Sexually transmitted diseases (STDs) have been known to mankind for centuries. Before the advent of modern medicine, people's lack of awareness and understanding of STDs contributed to the widespread transmission of the infections while few or no treatments were available to treat the conditions.
In medieval times, syphilis and gonorrhoea were two of the most prevalent STDs in Europe. One theory suggest that syphilis was spread by crew members who picked up the disease on the voyages led by Christopher Columbus. They are thought to have contracted syphilis while in the Americas and to have then spread it on their return when docking at ports in Europe. Sailors are also thought to be responsible for the spread of gonorrhoea from Tahiti during the Cook voyages.
Some STDs can have severe, life-changing consequences; syphilis, for example, can eventually cause progressive destruction of the brain and spinal cord, leading to mental dysfunction and hallucinations, speech problems and general paresis.
In the 18th and 19th centuries, mercury, arsenic and sulphur were commonly used to treat venereal disease, which often resulted in serious side effects and many people died of mercury poisoning. The first known effective treatment for syphilis called salvarsan or arsphenamine was introduced in 1910.
In the 20th Century, the advent of penicillin and other antibiotics led to an effective cure of bacterial STDs. This led to the public perceiving the illnesses as less of a threat and promiscuous conduct continued. In the late 20th century, the transmission of viral STDs such as HIV and herpes arose, infections that are not curable and in some cases may be fatal.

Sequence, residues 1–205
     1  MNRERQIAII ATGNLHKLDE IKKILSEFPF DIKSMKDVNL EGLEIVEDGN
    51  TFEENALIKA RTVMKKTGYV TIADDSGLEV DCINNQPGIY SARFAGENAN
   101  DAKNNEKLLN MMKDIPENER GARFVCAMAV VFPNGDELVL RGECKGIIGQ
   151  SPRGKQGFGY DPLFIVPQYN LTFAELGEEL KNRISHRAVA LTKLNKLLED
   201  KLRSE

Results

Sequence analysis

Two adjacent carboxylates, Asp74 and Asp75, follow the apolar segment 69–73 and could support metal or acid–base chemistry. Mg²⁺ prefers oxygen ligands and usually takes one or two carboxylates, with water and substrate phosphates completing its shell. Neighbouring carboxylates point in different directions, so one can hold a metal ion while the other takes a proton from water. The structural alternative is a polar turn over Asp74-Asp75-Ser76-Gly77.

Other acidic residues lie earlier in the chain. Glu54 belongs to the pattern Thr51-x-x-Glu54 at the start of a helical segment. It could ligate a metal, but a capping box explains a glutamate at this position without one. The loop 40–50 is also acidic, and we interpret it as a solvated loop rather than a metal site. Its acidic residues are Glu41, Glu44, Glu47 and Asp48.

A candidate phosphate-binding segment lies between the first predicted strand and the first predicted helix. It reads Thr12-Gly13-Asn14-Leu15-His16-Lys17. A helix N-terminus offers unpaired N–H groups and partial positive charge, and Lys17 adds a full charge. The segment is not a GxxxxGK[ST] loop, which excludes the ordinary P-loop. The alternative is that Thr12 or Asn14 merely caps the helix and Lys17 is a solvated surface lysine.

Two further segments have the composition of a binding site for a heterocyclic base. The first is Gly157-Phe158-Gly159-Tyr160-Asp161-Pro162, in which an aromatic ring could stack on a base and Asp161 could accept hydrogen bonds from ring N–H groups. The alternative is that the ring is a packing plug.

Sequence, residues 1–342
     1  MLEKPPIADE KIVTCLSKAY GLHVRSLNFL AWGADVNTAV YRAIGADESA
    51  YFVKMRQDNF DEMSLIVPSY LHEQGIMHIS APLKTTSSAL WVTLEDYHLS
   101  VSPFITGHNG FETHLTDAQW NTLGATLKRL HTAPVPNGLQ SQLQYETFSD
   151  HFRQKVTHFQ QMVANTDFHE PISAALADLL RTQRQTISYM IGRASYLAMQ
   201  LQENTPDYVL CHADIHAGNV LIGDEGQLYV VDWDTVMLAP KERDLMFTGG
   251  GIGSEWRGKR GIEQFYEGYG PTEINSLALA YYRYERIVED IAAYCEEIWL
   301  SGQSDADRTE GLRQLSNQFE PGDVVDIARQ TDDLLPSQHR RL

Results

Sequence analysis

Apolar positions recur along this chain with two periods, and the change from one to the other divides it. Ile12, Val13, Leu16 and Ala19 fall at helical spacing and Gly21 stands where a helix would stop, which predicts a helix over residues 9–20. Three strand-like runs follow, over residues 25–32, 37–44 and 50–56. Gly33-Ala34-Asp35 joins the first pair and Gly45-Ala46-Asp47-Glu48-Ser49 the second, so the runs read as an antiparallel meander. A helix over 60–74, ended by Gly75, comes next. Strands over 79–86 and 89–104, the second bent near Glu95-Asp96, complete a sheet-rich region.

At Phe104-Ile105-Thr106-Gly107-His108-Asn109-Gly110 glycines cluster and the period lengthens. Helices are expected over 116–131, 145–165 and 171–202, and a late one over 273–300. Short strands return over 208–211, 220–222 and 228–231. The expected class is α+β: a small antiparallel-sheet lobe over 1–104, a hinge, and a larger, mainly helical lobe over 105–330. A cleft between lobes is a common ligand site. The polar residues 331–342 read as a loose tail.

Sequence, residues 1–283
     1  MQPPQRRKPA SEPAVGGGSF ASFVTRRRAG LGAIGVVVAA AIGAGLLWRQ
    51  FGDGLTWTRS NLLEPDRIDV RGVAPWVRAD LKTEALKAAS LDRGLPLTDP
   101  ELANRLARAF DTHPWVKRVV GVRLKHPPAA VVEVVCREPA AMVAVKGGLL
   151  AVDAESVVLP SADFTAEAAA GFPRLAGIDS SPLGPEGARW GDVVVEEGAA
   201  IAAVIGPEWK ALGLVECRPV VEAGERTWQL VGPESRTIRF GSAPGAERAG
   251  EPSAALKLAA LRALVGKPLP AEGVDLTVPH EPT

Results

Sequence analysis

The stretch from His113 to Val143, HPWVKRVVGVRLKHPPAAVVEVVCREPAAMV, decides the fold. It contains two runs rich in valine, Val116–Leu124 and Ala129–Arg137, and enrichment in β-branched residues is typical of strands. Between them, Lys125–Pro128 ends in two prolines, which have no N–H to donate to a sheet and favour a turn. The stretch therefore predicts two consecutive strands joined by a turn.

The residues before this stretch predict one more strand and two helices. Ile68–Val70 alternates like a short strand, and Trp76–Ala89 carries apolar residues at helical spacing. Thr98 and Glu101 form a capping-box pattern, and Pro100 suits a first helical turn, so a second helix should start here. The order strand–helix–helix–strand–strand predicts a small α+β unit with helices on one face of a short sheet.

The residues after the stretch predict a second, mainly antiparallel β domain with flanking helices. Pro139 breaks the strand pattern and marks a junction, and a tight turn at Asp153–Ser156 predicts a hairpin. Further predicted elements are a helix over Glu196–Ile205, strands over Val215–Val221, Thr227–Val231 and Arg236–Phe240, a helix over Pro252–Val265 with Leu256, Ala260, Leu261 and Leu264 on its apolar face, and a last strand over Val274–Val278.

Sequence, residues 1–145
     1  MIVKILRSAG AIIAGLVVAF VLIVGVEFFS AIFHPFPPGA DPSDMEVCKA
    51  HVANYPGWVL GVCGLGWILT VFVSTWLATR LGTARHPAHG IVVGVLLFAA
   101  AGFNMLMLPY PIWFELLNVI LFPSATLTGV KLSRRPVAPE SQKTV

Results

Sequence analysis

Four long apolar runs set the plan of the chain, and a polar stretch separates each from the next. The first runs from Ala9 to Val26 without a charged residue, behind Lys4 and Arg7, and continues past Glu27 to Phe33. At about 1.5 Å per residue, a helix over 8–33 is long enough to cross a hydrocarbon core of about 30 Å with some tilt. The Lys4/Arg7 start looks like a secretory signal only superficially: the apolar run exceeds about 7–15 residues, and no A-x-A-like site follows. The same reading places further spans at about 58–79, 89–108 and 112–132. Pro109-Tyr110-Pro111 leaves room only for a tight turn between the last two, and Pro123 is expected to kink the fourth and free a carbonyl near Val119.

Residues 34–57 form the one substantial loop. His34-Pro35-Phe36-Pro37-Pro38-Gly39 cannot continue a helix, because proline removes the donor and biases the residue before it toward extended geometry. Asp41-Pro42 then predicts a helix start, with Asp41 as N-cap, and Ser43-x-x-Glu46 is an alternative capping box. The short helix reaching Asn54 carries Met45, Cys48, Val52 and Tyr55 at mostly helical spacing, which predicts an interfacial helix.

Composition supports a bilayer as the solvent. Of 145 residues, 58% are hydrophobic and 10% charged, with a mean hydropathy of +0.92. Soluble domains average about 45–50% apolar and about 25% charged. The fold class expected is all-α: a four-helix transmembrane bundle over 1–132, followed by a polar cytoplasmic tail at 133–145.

Due to the stigma attached to STDs, people would often hesitate to seek help when the disease was in its initial stages, while continuing to transmit the infection to unsuspecting sexual partners. In 1746, at the London Lock Hospital, the first treatment for venereal disease was made available for those who sought help.
In the second half of the 19th century, the Contagious Diseases Act was passed in order to arrest and treat suspected prostitutes.
It was in the late 19th and early 20th century that the importance of tracing the sexual partners of a person infected with an STD was recognized. Soon, sexual health clinics were set up to identify and treat individuals with STDs and their partners, to prevent spread in the general population.
Another major problem that arose was an increase in adolescent sexual activity in the mid 20th Century. This led to widespread infection among younger age groups and also changed the way healthcare policy makers tried to raise awareness through campaigns.